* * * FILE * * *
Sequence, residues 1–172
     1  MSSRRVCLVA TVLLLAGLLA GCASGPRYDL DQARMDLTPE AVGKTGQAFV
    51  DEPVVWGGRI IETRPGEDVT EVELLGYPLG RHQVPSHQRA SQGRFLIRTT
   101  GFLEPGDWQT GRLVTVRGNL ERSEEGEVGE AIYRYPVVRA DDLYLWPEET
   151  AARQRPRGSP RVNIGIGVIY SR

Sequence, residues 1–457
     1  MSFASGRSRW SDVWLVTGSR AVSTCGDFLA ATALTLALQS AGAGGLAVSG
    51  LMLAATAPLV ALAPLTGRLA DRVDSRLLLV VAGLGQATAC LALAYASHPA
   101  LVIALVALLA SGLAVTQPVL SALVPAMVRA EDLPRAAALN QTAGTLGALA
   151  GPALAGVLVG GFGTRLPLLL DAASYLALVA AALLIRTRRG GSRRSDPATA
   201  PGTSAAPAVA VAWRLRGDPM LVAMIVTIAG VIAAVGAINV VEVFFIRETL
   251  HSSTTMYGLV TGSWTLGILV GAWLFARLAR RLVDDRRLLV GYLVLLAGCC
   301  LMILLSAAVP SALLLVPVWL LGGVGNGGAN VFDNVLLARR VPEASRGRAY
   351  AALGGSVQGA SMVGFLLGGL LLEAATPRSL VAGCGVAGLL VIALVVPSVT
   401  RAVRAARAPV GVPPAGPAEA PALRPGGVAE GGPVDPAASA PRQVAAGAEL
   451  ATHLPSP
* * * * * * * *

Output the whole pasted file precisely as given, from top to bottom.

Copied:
Sequence, residues 1–172
     1  MSSRRVCLVA TVLLLAGLLA GCASGPRYDL DQARMDLTPE AVGKTGQAFV
    51  DEPVVWGGRI IETRPGEDVT EVELLGYPLG RHQVPSHQRA SQGRFLIRTT
   101  GFLEPGDWQT GRLVTVRGNL ERSEEGEVGE AIYRYPVVRA DDLYLWPEET
   151  AARQRPRGSP RVNIGIGVIY SR

Sequence, residues 1–457
     1  MSFASGRSRW SDVWLVTGSR AVSTCGDFLA ATALTLALQS AGAGGLAVSG
    51  LMLAATAPLV ALAPLTGRLA DRVDSRLLLV VAGLGQATAC LALAYASHPA
   101  LVIALVALLA SGLAVTQPVL SALVPAMVRA EDLPRAAALN QTAGTLGALA
   151  GPALAGVLVG GFGTRLPLLL DAASYLALVA AALLIRTRRG GSRRSDPATA
   201  PGTSAAPAVA VAWRLRGDPM LVAMIVTIAG VIAAVGAINV VEVFFIRETL
   251  HSSTTMYGLV TGSWTLGILV GAWLFARLAR RLVDDRRLLV GYLVLLAGCC
   301  LMILLSAAVP SALLLVPVWL LGGVGNGGAN VFDNVLLARR VPEASRGRAY
   351  AALGGSVQGA SMVGFLLGGL LLEAATPRSL VAGCGVAGLL VIALVVPSVT
   401  RAVRAARAPV GVPPAGPAEA PALRPGGVAE GGPVDPAASA PRQVAAGAEL
   451  ATHLPSP